Extending the ability to elide commas from match arms


#1

Currently, one can omit the comma at the end of a match arm if the RHS of the => is a bare block expression:

match foo {
    Foo => { ... } // no comma!
    Bar => { ... }
}

I’ve often wanted to modify this rule to make it more consistent with how expressions and statements work. The motivation is that there are certain types of expressions which when used in statement position do not require semicolons for separation. For example, the following:

if foo { bar; };
loop { baz(); };
{ qux(); };
match something { ... };

can be rewritten more idiomatically as:

if foo { bar; }
loop { baz(); }
{ qux(); }
match something { ... }

This ability to remove semicolons does not apply to all expressions—only certain ones that end in } (if/else, while, loop, for, match, bare blocks, macros invoked like foo! { ... }, and probably some other things I’ve forgotten). The change I’d like to make to match arms would be to extend this rule to comma elision. So under this change, the following would be valid:

match foo {
    Foo => if foo {
        bar
    } else {
        baz
    }

    Bar => loop {
        baz();
    }

    Baz => {
        qux();
    }

    Qux => match something {
        ...
    }
}

Unfortunately, this is a breaking change. Edit: turns out it’s actually not a breaking change! See my comment below. The rest of the comment is left here for posterity. However, it’s a relatively minor one—the only code that would be broken by a careful implementation would be code similar to the following:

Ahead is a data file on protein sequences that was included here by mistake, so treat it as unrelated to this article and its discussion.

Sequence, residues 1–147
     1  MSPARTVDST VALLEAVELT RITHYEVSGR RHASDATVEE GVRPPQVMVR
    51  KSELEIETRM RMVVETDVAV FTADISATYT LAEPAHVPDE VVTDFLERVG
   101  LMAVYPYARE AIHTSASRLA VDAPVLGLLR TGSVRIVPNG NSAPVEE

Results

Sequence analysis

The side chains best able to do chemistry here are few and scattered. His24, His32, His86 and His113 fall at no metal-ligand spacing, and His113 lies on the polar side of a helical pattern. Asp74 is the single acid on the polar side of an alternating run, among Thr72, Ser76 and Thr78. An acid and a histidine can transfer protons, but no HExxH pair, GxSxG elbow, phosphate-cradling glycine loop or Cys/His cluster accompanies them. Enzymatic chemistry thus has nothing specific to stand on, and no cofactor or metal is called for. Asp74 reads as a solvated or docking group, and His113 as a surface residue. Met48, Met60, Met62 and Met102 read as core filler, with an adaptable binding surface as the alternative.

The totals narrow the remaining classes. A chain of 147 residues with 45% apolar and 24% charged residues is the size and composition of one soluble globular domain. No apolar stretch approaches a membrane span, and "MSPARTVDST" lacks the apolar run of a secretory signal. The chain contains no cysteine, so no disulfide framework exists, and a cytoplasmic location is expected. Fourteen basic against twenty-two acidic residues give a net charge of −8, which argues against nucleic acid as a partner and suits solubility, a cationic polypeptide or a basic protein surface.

match foo {
    Foo => if foo { some_function } else { some_other_function }(),
    Bar => if foo { some_array } else { some_other_array }[],
    Baz => if foo { some_int } else { some_other_int } & 1,
    Qux => if foo { some_bool } else { some_other_bool } && some_predicate(),
}

where a block-like expression immediately following the => of a match arm is followed by a token that can also start a pattern. As far as I know, the only such tokens are &, &&, (, and [. From this I would estimate that virtually no real code would be broken by this change, and any code that would get broken could easily be fixed in a manner that would let it continue to compile on older versions of Rust.


#2

I wouldn’t mind the change, but I don’t know if it’s a big enough improvement to warrant a breaking change.

I would consider it better style to wrap complex expressions in their own curly braced block anyway.

match foo {
    Foo => {
        if foo {
            bar
        } else {
           baz
       }
    }
    _ => ...
}

#3

While digging through the parser to see if I could potentially implement this, I discovered that match arm RHSs are already treated during parsing similarly to statements, meaning that this wouldn’t be a breaking change at all! (On reflection, I probably should have tried compiling my own example from above that was meant to demonstrate code that worked today. :stuck_out_tongue:)

Edit: Welp, it actually totally is a breaking change, but a super(-duper) minor one. The only code that would be broken would be code like this:

match foo {
    Foo => mac! { ... }(),
    Bar => mac! { ... }[0],
    Baz => mac! { ... } & 1,
    Qux => mac! { ... } && some_predicate(),
}

I actually tried compiling this time, and it totally parses, but wouldn’t under this change. I would bet a large sum of play money that this would break literally no Rust code anywhere—in the Rust compiler itself, the sequence => <word>! { only appears three times, none of which are terminated by }(...), }[...], } & ..., or } && ....